Getting on the property ladder is an exciting time. It’s the time to fly the nest, move in with a partner or friend, and/or start a new and exciting life. Moving into your first home is a real-life moment that you’ll never forget.
The moving boxes, the packing up of your room, and then that first night in your own home with a takeaway and a bottle of something cheap… they’re all magical life moments.
Getting there isn’t always a fairy tale though. A first-time buyer can often feel like everything is against them. With no home to sell, and all this talk of mortgages, down payments, insurance, fees, and more it can be a daunting time. That’s when you start to question why no one taught you any of this stuff in school!
We specialise in first time mortgages because we believe that your magical moment of getting the keys to your own home shouldn’t be more stressful than it already is. At Mortgage Search Go we have the skills and experience to help you move into your first home, and we love to help our clients achieve their goal.
What’s unique about a first-time buyer? And what does that mean when applying for a mortgage?
A first-time buyer will usually need to borrow a higher ratio against the value of the property, mainly because they have a small amount of savings and no property to put towards the new home.
This will often mean putting down a deposit of just 5% or 10% of the purchase price compared to a previous home-mover. Also, because first-time buyers don’t have a mortgage track record and may have moved home a few times in the three years running up to the application, this is more challenging than a regular mortgage as the risk is higher to the lender.
Homeowners tend to be more settled and have more going for them in the way of credit history and assets, as well as a longer employment history.
One thing that makes a good difference it for first-time buyers to be registered on the electoral roll, but failing that, proof of residency at each address can be used.
Do first-time buyers find it easier to get a mortgage or not?
If a first-time buyer gets their paperwork in order then there’s no reason why they should find it any more difficult than a home-mover or re-mortgagor. There are – as with all mortgages – factors that need to be considered and things that need to be done in order to get a successful application.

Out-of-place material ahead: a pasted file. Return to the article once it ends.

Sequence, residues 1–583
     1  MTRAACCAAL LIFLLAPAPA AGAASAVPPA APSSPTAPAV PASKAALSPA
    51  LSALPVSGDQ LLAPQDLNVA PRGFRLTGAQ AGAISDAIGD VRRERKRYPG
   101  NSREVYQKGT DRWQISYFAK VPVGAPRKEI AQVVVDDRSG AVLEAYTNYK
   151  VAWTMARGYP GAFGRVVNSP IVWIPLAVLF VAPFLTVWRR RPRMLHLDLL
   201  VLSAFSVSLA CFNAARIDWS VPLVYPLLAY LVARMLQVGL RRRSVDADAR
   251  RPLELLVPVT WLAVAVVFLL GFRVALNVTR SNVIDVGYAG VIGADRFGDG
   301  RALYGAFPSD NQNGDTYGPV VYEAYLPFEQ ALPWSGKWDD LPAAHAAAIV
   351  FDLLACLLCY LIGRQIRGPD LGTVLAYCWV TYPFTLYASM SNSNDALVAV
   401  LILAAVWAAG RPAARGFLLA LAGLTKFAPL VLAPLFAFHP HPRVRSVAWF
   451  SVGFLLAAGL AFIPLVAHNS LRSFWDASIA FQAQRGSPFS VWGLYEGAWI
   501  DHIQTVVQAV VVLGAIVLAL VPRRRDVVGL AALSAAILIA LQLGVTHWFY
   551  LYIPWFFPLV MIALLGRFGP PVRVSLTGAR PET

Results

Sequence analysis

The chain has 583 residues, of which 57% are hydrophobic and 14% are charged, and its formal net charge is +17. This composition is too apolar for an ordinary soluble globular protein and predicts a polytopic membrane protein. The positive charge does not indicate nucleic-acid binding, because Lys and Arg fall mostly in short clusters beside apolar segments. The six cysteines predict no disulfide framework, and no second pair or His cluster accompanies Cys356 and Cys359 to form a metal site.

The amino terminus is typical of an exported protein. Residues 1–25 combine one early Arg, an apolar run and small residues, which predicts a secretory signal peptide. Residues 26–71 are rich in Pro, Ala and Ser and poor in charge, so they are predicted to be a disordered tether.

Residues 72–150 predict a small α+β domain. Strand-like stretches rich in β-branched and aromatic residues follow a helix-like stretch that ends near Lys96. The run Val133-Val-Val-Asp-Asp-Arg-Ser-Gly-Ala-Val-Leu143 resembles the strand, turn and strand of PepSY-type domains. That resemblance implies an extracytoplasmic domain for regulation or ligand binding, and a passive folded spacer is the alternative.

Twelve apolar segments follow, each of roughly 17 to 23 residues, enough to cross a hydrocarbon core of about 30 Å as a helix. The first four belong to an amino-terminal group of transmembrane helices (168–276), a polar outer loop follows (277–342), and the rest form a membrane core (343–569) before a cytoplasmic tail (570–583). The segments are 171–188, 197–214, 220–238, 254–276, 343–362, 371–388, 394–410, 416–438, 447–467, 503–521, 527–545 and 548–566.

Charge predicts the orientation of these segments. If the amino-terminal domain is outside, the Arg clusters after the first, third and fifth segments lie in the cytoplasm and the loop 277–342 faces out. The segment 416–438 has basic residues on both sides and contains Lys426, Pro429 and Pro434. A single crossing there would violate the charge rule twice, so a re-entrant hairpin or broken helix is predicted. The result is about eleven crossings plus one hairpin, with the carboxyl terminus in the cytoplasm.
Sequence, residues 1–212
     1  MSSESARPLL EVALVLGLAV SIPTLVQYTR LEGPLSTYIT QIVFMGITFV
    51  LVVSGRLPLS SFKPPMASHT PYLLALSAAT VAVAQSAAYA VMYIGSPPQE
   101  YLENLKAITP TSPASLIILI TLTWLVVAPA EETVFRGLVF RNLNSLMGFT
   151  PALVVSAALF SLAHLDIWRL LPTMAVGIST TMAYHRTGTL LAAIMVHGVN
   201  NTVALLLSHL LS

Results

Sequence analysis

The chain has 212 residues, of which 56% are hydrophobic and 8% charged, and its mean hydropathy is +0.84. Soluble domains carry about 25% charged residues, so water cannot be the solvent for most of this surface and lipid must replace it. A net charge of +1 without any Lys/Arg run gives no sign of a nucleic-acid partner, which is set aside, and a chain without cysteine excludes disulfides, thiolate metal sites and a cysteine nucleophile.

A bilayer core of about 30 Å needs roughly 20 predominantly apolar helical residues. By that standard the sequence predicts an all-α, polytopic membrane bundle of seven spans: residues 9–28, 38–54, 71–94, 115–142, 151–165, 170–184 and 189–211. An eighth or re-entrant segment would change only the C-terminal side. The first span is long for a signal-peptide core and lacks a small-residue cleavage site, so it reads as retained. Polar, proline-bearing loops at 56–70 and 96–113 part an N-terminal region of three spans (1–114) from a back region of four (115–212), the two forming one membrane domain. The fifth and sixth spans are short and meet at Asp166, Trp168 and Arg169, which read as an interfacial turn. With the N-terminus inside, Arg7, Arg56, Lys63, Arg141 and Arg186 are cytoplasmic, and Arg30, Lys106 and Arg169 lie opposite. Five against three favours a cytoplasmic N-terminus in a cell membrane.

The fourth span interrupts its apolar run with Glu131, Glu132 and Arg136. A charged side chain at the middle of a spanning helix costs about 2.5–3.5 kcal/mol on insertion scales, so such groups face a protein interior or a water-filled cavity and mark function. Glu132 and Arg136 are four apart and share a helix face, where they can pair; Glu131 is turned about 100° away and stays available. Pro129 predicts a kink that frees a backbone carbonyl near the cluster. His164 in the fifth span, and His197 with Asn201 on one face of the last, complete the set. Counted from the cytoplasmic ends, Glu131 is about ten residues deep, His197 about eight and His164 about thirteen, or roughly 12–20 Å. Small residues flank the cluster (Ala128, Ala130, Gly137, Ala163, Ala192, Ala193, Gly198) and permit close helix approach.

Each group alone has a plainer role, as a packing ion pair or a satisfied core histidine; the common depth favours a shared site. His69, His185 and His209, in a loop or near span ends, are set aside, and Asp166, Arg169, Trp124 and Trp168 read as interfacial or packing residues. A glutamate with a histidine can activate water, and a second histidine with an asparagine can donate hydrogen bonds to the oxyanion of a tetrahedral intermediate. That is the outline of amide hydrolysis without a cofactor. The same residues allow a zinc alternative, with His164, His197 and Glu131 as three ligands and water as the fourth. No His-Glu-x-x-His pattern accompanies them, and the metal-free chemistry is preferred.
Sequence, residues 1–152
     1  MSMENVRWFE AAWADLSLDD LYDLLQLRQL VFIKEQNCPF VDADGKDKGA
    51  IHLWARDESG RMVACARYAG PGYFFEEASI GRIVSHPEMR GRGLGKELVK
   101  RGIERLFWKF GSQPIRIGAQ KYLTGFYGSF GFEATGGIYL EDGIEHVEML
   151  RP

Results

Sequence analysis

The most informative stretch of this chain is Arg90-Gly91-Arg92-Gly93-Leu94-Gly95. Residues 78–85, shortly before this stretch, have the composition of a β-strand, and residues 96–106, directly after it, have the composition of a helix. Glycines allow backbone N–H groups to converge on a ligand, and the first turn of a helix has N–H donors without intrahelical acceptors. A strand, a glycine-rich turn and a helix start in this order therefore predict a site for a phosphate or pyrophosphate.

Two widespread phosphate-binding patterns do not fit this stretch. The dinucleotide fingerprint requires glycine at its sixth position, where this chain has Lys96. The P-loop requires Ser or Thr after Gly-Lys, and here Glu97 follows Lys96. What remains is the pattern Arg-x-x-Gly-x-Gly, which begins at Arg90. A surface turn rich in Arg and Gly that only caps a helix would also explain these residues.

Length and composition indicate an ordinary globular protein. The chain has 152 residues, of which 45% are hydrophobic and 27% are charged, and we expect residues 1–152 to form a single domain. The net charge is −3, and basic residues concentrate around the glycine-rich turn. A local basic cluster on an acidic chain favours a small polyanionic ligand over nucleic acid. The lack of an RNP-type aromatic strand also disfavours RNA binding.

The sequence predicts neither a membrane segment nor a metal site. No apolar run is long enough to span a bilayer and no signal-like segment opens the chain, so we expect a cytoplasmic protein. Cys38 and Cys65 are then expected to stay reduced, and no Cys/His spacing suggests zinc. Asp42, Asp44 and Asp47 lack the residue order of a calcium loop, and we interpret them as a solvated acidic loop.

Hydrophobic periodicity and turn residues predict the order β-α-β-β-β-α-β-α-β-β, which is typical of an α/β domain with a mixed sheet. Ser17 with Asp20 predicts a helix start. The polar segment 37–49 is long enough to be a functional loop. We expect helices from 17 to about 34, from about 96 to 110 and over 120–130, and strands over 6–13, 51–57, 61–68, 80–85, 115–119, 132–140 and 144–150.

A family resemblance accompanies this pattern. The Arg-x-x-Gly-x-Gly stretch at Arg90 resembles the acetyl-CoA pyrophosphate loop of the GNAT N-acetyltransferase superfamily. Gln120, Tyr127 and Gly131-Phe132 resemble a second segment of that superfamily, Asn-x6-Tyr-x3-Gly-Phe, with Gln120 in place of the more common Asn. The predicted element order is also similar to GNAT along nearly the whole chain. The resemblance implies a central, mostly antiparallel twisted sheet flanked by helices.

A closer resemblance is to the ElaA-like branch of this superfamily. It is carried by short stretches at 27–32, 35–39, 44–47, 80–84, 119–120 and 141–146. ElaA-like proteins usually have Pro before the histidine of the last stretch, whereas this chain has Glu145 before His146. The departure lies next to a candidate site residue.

A few things that a first-time buyer should look to get in place are:
- Proof of identity
- Proof of residency
- A good deposit
- Proof of income
- Bank statements going back as far as possible.
- Typically, 3 months.
- A credit report is also a useful document to have available up front to help get the mortgage placed right the first time.
A budget planner will also be completed so that we can ensure that there is sufficient spare income after outgoings. Being able to pay the mortgage is one thing, but one area many first-time buyers neglect to consider are the utility and shopping bills that come hand-in-hand with a new home.
Generally speaking, first-time buyers borrow a higher percentage of the purchase price/value, which doesn't leave the lender much margin for error so it's important to make sure all the paperwork is in order and as accurate as possible.
With all this in place, a lender can see how much a buyer can afford to borrow, and they can then look at the risk to them versus the capital and value of the home the buyer is trying to mortgage.
Are there specific mortgage products for first time buyers?
Yes, absolutely. Due to the unique nature of a first-time buyer, some lenders have specific products to help them get on to the housing ladder. Much like other areas of mortgages, it pays to go for the right products. Typically, first-time buyer mortgages could have lower arrangement fees, or a cashback payable at completion, to assist with legal fees.
Although it might seem like a first-time buyer is more of a risk, they often have much longer to pay off the mortgage than someone much older and this can go in their favour with applying for a longer-term mortgage.
What’s the First Time Buyer mortgage buyer scheme?
A first-time buyer is defined as an individual or individuals who have never owned an interest in a residential property in the United Kingdom or anywhere else in the world and who intends to occupy the property as their main residence.
- If you’re a first-time buyer in England or Northern Ireland, you will pay no Stamp Duty on properties worth up to £300,000.
- In Wales, for a normal purchase, Land Transaction Tax (LTT) is exempt on the first £180,000 for first-time buyers.
- In Scotland, Stamp Duty is now called Land and Buildings Transaction Tax (LBTT).
- First time buyers are exempt on purchases up to £175,000.
These rates often change so it pays to check with us before you apply.
How much can I borrow as a first-time buyer?
As mentioned above, this all depends on your circumstances but the world is not against you by any means.
Check out our first-time mortgage calculator here and find out how much you could potentially borrow.
Here are some useful online resources to check out:
Need help getting on the property ladder as a first-time buyer? Contact Mortgage Search Go now and we’ll have a chat about it and help you get your paperwork and finances in order.